Are your metaphors missing some of your patients?
In this episode, you’ll learn about:
- what makes metaphors work
- the two parts of a metaphor
- metaphors to avoid
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Show transcript and links
Metaphors and analogies are favored tools of poets — and doctors.
They invite us to see a person, idea, or object differently, by inviting comparisons. Providers use them often, to explain complex physiological phenomena to patients. They may even improve physicians’ communication.
So what’s the problem?
Sometimes they don’t work. They can even give patients the wrong impression. And you usually can’t tell if this is happening. If you’re in academic medicine, you have even more to think about: are your students getting your meaning? And will their future patients?
But there are things you can do to increase your chances of getting across the message you’ve worked so hard to craft.
Let’s talk about why you’re taking your metaphors for granted.
Metaphors and analogies are powerful language tools. They’re even important to the way we think.
Nearly 40 years ago, linguists Lakoff and Johnson wrote Metaphors We Live By, explaining how metaphors structure the ways we think about the world—not only the ways we speak about it.
The authors write about the many metaphors comparing argument to war. We tend to talk about argument in terms of defense, tactics, destroying opponents, and so on. We see argument as a kind of war or battle.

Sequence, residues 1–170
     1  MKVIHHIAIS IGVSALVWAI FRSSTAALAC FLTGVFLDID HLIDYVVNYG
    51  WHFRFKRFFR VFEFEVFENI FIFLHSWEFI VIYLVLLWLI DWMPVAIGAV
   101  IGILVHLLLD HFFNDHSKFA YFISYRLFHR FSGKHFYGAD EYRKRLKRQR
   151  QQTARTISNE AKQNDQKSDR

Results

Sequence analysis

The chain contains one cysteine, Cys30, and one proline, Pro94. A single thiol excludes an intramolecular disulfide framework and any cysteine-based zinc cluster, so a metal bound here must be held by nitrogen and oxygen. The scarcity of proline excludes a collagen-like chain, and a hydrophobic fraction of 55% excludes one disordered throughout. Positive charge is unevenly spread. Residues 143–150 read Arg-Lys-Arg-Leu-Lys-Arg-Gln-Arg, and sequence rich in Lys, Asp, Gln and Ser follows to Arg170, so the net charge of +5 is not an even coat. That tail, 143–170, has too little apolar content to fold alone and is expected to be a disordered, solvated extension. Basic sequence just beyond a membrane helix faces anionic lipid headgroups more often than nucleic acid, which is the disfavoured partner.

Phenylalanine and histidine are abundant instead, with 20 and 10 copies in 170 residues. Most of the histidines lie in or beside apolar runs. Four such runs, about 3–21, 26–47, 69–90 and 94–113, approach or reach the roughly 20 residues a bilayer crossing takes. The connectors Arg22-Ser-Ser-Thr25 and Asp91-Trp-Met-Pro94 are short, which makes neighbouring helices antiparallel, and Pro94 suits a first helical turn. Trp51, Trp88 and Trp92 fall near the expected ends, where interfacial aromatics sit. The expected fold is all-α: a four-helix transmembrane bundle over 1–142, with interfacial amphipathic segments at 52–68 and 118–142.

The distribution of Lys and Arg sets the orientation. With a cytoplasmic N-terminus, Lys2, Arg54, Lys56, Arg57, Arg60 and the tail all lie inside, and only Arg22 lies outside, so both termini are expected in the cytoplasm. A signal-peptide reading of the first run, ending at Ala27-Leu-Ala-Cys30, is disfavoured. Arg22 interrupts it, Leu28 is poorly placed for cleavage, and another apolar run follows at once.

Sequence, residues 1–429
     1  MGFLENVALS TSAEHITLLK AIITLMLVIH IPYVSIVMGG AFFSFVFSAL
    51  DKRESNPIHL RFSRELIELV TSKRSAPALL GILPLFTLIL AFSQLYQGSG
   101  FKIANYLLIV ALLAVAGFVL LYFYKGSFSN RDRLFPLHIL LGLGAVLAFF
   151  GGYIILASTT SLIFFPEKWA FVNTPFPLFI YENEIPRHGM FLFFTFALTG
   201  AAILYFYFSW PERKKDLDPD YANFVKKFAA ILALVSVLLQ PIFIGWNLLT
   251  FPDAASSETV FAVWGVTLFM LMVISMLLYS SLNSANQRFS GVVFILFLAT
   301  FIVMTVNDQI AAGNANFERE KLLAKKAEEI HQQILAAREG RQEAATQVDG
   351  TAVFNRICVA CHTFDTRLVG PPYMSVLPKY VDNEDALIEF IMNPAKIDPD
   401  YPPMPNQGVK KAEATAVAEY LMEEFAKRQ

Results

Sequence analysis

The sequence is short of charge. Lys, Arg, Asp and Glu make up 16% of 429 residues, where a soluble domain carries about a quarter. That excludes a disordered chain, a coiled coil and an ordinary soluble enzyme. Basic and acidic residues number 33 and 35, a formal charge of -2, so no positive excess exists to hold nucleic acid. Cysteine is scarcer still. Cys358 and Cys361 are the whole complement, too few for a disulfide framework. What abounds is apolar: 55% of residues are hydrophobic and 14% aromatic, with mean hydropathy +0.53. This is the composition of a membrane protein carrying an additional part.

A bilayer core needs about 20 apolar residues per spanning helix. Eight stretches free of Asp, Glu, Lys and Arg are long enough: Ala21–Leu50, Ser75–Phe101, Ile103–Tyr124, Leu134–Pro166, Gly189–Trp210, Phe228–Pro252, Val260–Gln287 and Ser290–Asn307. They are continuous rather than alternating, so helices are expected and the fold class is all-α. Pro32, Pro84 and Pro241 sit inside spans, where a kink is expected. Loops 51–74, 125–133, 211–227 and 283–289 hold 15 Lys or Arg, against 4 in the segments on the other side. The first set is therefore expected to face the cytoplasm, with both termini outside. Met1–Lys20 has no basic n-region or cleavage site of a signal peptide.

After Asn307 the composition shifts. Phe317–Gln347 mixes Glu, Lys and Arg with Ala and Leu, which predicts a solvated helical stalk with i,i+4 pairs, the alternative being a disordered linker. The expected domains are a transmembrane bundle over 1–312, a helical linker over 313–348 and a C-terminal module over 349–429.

But then they ask us to imagine a society where argument was not seen as a war, but more like a dance. It’s possible that if we were to witness an argument in such a society, we might not recognize what we were seeing. Because it did not look like an argument—a war—to us.
We live by metaphors. We’re surrounded by them. But this almost invisible nature of metaphors can work against you when you’re creating a metaphor or analogy for patients. This is because it can be hard to step back and notice what we’re taking for granted when we use metaphors.
But that’s just what I’m going to help you do.
A recent JAMA editorial asks physicians to be thoughtful about the metaphors you use often. The author, Brit Trogen, remarks on physician’s practice of ‘drawing on the commonplace to express the complex.’
The question is, what are you considering ‘commonplace’?
Your metaphor hinges on what you assume is common between you and your patient audience. Being aware of your metaphors is important because comparisons only work if the audience knows at least one of the items being compared.
You know that a metaphor (and an analogy) is a comparison. Rhetorician I.A. Richards famously gave names to the two halves of the metaphor: the tenor and the vehicle. In the argument as war example from earlier, the tenor would be argument, and the vehicle is war.
The tenor, in your case, is the medical phenomena. The vehicle is what you are borrowing the traits from, the ‘commonplace.’ In one of the most recognizable medical metaphors, the tenor is cancer, the vehicle is a battle.
This is where it gets tricky, because what counts as “common” is local to communities and social groups. What is normal, natural, or common varies by race, class, gender, and more.
For instance, if I was to compare my compact car to a Tardis, you would understand what I meant only if you were a Dr. Who fan. That is, if you were in the Dr. Who social group. So if your vehicle doesn’t work, you’re going nowhere!